kern/157397: [ada] ahci/ada/cam NCQ timeouts on Samsung and non-disable-ability

Matthias Andree mandree at
Wed Apr 3 22:10:01 UTC 2013

The following reply was made to PR kern/157397; it has been noted by GNATS.

From: Matthias Andree <mandree at>
To: bug-followup at, Alexander Motin <mav at>
Subject: Re: kern/157397: [ada] ahci/ada/cam NCQ timeouts on Samsung and non-disable-ability
Date: Thu, 04 Apr 2013 00:08:12 +0200

 Further information:
 - I have /usr (and only /usr) on the drive in question.
 # tunefs -p /dev/label/usr
 tunefs: POSIX.1e ACLs: (-a)                                disabled
 tunefs: NFSv4 ACLs: (-N)                                   enabled
 tunefs: MAC multilabel: (-l)                               disabled
 tunefs: soft updates: (-n)                                 enabled
 tunefs: soft update journaling: (-j)                       enabled
 tunefs: gjournal: (-J)                                     disabled
 tunefs: trim: (-t)                                         disabled
 tunefs: maximum blocks per file in a cylinder group: (-e)  2048
 tunefs: average file size: (-f)                            16384
 tunefs: average number of files in a directory: (-s)       64
 tunefs: minimum percentage of free space: (-m)             8%
 tunefs: optimization preference: (-o)                      time
 tunefs: volume label: (-L)                                 usr
 - I am running with which makes the
 computer recover faster
 - write/read status for stalls is unclear to me, but the kernel only
 ever logs WRITE_FPDMA_QUEUED, so I guess the answer is "write".
 "rm -rf /usr/obj" or "log in to GNOME and try starting gnome-terminal"
 are sufficient to trigger it.
 - reducing the number of tags to 31 does not appear to help.  Linux's
 libata does that only to distinguish the bit mask 0xffffffff it might
 get with 32 tags from "fatal errors".
 - disabling NCQ through "camcontrol negotiate ada1 -T disable" would
 appear to help, causing massive slowdown (as is expected; as I run with
 ata caches disabled), but requires further long-winded testing before
 I'd really confirm it helps
 # camcontrol identify ada1
 pass1: <SAMSUNG HD103SI 1AG01118> ATA-7 SATA 2.x device
 pass1: 300.000MB/s transfers (SATA 2.x, UDMA6, PIO 8192bytes)
 protocol              ATA/ATAPI-7 SATA 2.x
 device model          SAMSUNG HD103SI
 firmware revision     1AG01118
 serial number         (elided)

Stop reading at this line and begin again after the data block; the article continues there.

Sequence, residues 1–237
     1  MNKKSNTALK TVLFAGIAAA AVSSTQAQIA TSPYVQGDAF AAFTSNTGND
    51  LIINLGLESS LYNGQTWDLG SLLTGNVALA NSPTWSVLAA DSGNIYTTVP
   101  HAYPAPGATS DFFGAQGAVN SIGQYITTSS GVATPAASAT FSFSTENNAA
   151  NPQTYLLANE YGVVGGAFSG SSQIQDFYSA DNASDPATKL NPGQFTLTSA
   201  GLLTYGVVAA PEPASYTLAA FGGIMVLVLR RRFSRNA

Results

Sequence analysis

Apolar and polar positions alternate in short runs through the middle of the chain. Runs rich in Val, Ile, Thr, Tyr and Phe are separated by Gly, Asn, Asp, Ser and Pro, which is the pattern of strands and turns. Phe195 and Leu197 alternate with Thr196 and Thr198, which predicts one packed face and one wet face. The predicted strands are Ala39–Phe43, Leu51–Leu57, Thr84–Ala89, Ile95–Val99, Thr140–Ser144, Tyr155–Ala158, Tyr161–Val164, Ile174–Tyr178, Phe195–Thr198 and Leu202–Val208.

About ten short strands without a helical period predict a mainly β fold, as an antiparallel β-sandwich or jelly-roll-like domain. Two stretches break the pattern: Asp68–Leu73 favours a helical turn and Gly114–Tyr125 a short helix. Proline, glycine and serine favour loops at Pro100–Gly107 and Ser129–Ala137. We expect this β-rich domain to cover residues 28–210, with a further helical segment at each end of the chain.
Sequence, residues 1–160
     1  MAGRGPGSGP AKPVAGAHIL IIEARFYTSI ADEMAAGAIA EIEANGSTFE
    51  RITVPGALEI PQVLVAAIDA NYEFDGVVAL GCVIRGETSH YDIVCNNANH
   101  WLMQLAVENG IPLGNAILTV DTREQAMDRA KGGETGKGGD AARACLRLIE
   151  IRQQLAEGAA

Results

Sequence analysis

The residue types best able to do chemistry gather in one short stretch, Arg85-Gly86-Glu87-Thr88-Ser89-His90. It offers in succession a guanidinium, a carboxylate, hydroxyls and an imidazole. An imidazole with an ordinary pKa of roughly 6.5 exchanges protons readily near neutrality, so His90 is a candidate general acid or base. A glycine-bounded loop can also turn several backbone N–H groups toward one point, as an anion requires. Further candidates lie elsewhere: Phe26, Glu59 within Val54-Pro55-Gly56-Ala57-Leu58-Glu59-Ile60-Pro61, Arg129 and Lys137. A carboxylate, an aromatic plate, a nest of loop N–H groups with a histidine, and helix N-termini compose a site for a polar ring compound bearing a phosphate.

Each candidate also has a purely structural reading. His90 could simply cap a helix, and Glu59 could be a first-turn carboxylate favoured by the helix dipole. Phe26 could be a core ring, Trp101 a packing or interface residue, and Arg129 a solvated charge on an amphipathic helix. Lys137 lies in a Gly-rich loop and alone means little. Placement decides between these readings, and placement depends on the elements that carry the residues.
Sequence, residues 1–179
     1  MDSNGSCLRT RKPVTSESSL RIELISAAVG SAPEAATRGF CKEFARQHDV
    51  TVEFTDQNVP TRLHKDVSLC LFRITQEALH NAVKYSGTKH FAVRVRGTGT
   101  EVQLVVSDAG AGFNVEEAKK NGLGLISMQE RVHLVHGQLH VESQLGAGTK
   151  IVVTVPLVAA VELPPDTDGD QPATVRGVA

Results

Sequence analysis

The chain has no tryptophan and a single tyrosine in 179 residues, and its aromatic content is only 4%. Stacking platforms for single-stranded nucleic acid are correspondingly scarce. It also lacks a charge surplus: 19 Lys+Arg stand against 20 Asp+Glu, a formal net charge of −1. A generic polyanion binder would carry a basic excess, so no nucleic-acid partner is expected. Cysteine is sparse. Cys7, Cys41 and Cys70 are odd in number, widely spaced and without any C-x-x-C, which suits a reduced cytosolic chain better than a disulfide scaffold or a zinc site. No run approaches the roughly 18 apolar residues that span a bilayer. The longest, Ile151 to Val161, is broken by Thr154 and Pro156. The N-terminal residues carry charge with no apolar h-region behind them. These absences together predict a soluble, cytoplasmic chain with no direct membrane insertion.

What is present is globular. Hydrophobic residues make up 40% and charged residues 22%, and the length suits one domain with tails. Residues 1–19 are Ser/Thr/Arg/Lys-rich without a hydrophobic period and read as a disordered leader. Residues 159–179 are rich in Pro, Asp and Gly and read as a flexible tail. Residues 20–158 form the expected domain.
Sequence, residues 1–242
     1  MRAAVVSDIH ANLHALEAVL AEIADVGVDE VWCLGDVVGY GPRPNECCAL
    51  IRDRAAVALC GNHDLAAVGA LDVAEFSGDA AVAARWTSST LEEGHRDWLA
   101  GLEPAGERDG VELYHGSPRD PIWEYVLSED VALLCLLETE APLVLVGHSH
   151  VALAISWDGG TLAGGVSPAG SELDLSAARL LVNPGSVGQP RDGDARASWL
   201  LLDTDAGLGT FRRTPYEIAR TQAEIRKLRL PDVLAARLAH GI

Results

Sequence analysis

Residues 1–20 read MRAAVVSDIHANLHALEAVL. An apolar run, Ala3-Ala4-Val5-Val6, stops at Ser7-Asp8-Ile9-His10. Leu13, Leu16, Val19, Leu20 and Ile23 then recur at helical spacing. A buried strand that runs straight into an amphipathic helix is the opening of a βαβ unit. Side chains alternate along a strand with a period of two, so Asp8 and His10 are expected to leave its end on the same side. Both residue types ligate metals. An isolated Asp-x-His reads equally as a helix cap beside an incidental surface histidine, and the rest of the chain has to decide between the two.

WWN                   (elided)
 cylinders             16383
 heads                 16
 sectors/track         63
 sector size           logical 512, physical 512, offset 0
 LBA supported         268435455 sectors
 LBA48 supported       1953525168 sectors
 PIO supported         PIO4
 DMA supported         WDMA2 UDMA6
 Feature                      Support  Enabled   Value           Vendor
 read ahead                     yes      yes
 write cache                    yes      no
 flush cache                    yes      yes
 overlap                        no
 Tagged Command Queuing (TCQ)   no       no
 Native Command Queuing (NCQ)   yes              32 tags
 SMART                          yes      yes
 microcode download             yes      yes
 security                       yes      no
 power management               yes      yes
 advanced power management      yes      yes     254/0xFE
 automatic acoustic management  yes      no      0/0x00  254/0xFE
 media status notification      no       no
 power-up in Standby            yes      no
 write-read-verify              no       no
 unload                         no       no
 free-fall                      no       no
 data set management (TRIM)     no
 # camcontrol tags ada1 -N31
 (pass1:ahcich1:0:0:0): tagged openings now 31
 (pass1:ahcich1:0:0:0): device openings: 31
 Logs through "egrep ahcich1\|ada1\|pass1\|ahci0" available from
 <>, with Serial
 numbers removed.
 OBSERVE that this only ever affects odd-numbered slots, never
 even-numbered slots.
 Linux findings:
 - Linux uses 31 out of 32 slots so it can distinguish a fatal error from
 "all bits set in 32-bit bitmask", see:
 - Linux sources at
 for browsing;
 check ata_device_blacklist in libata-core.c -> no Samsung stuff.
 Regarding the ATI/AMD SB7x0 that I am using, it might be worthwhile
 investigating the AHCI_HFLAG_IGN_SERR_INTERNAL flag - it gets set by
 Linux on the SB700 that my computer is using, see ahci_error_intr() in
 libahci.h - I am not going to interpret that for lack of expertise.

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